Vancouver’s Timbre Concerts bring New Jersey’s most laid back five-piece Real Estate to the Rickshaw Theatre ahead of their latest album ‘In Mind’.
Real Estate have been one of the most reliable indie bands of the past decade, their nostalgic guitar-driven style has stayed consistent throughout their previous three albums. ‘In Mind’ sees them continue refining their signature sound while delving into new time signatures and more mature waters lyrically.
We ventured down to the Rickshaw Theatre; a converted kung-fu movie theatre on East Hastings to check out the band as they embark on their North American tour. The venue was in keeping with it’s movie theatre origins, with tiered seating towards the back, underneath an overhanging balcony. People were sitting across the back of the theatre as support act and local Vancouver band The Shilohs delivered an energetic opening set. Although slightly uncommon for such a small venue, it seemed fitting that we were sitting down for Real Estate, what better way to enjoy their laid back melancholic tunes? They’d probably be sitting down if they could.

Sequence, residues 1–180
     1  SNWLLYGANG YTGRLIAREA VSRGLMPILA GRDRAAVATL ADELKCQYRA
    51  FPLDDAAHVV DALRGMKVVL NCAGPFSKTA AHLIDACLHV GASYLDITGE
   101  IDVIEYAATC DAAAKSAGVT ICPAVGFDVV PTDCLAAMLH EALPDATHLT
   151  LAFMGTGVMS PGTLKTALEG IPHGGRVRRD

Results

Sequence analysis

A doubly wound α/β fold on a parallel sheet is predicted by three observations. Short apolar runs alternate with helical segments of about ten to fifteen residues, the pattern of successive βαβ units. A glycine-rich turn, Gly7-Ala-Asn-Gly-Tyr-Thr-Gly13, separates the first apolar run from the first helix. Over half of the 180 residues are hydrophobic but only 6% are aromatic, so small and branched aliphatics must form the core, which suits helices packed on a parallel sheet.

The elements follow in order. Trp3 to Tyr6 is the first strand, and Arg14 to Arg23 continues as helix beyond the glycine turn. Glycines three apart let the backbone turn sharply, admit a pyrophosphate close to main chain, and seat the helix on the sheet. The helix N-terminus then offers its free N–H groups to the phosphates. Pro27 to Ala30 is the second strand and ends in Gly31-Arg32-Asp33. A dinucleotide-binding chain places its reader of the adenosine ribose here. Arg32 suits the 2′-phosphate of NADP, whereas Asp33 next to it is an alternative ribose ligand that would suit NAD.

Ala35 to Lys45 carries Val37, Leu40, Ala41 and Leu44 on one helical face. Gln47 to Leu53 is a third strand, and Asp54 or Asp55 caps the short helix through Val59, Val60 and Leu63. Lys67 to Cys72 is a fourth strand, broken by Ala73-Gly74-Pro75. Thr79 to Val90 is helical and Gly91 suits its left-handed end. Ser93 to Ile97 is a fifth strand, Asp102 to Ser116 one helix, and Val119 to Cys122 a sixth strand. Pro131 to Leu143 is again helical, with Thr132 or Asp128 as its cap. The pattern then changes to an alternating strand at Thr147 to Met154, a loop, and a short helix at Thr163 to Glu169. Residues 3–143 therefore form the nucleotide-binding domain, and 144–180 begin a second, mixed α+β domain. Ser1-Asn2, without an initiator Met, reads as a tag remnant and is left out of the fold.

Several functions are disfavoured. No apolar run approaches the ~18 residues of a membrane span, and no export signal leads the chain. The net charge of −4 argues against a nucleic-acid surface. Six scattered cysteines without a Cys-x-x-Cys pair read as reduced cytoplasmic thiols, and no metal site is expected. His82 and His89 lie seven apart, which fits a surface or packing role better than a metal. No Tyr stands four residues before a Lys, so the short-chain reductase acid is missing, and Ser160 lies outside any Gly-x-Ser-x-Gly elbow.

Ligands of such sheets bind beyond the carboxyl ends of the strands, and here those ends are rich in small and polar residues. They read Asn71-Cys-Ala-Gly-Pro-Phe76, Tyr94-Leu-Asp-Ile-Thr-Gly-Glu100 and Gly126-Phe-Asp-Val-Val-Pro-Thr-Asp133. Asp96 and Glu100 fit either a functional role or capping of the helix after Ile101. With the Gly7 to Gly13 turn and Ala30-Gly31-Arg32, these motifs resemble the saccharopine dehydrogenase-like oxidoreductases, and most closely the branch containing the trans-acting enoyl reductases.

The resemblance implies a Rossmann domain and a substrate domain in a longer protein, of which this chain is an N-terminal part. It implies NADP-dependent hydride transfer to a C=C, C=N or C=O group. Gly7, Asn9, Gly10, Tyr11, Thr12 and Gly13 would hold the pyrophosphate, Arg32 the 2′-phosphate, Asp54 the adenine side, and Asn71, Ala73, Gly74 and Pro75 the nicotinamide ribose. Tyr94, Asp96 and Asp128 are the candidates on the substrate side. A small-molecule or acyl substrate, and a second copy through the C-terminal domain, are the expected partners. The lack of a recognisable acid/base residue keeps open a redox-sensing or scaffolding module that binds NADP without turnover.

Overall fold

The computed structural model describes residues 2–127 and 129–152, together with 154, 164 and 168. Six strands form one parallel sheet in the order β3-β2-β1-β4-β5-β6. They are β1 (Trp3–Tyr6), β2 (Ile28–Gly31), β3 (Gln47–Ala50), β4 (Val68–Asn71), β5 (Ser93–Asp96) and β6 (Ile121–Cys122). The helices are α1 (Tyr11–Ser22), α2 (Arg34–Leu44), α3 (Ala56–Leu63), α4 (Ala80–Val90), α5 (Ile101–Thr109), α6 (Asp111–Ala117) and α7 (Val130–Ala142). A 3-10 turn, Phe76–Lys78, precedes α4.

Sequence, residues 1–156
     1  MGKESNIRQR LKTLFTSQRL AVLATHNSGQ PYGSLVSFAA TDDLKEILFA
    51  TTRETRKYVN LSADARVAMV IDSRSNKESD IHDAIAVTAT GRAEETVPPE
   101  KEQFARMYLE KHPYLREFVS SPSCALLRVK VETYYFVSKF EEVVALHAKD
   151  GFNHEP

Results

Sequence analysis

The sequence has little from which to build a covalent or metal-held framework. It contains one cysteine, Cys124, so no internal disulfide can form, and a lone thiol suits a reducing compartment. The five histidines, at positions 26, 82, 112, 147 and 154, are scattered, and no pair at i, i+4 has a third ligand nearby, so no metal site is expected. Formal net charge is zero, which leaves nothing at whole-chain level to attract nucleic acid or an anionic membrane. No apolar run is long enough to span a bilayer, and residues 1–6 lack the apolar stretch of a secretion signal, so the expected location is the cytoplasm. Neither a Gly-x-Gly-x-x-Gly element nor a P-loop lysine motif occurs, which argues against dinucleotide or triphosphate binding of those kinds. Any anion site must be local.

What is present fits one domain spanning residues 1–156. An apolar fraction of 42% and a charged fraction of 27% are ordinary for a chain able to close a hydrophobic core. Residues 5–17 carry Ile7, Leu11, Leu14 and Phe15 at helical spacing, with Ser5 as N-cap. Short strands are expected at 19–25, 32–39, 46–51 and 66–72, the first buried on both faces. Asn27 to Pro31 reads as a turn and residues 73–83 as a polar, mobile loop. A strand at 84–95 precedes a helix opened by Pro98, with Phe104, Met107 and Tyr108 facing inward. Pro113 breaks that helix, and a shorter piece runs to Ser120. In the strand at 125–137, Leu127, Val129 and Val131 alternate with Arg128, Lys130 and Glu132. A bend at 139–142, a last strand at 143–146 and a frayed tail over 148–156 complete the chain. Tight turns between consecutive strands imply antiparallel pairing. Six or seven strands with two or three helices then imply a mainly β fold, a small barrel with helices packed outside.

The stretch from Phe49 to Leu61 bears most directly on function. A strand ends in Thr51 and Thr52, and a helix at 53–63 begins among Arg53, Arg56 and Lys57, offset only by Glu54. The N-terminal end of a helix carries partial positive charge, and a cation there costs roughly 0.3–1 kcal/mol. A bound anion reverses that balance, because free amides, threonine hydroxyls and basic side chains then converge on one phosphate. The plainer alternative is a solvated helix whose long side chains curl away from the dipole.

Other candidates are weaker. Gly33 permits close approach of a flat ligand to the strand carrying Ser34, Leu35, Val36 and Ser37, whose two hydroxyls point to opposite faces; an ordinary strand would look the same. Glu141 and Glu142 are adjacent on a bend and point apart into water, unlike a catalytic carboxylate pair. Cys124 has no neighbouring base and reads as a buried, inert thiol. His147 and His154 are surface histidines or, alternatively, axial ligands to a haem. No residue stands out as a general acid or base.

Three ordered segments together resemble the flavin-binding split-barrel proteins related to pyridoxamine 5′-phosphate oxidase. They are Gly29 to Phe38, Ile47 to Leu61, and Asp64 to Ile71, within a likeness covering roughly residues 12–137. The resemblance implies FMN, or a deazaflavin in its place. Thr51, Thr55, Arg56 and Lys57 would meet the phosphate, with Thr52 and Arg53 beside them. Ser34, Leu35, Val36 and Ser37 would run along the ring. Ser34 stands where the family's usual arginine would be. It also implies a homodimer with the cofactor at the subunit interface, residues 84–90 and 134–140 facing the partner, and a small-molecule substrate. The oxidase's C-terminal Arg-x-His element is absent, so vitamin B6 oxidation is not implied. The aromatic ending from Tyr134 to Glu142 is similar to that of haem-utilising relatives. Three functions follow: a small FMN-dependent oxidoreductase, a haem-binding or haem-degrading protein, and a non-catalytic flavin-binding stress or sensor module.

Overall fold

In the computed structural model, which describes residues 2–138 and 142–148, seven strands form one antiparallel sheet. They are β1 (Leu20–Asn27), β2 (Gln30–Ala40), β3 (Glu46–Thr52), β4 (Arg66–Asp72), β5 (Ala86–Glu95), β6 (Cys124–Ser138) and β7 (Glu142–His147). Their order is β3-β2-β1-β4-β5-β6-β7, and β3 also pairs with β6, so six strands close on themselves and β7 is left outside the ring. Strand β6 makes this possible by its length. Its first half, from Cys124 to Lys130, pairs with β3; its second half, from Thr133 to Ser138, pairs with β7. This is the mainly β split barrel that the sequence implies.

The front standing area began to fill however, as the roadies started to soundcheck the band’s gear before they took to the stage, and before long everyone was standing in what was a packed house. Real Estate brought their well-refined sound to life, honing in on their live set with every bit as much precision as they have been doing on each of their previous records. What else would we expect from the east coast’s most consistent guitar band? Bass player Alex Bleeker jokes “it’s a nice break away from being in the States”, as the band returns from playing Coachella festival. They seem much more at home in this intimate venue in the Pacific Northwest and their sound reflects it. They move quickly through their set, recalling tracks from their self-titled debut to their latest release ‘In Mind’, ending with ‘It’s Real’.
Real Estate are a band very firmly planted in the middle of the road, however, it’s a familiar road they’ve been walking down for years. Their warm guitar tones underneath Martin Courtney’s soft vocals, at times, seem to blend into nothing, however, they’re at their best when drawing out their long guitar-driven chord sections, reminiscent of Kurt Vile at times, and I’m more than happy to sit and listen to them go round all evening.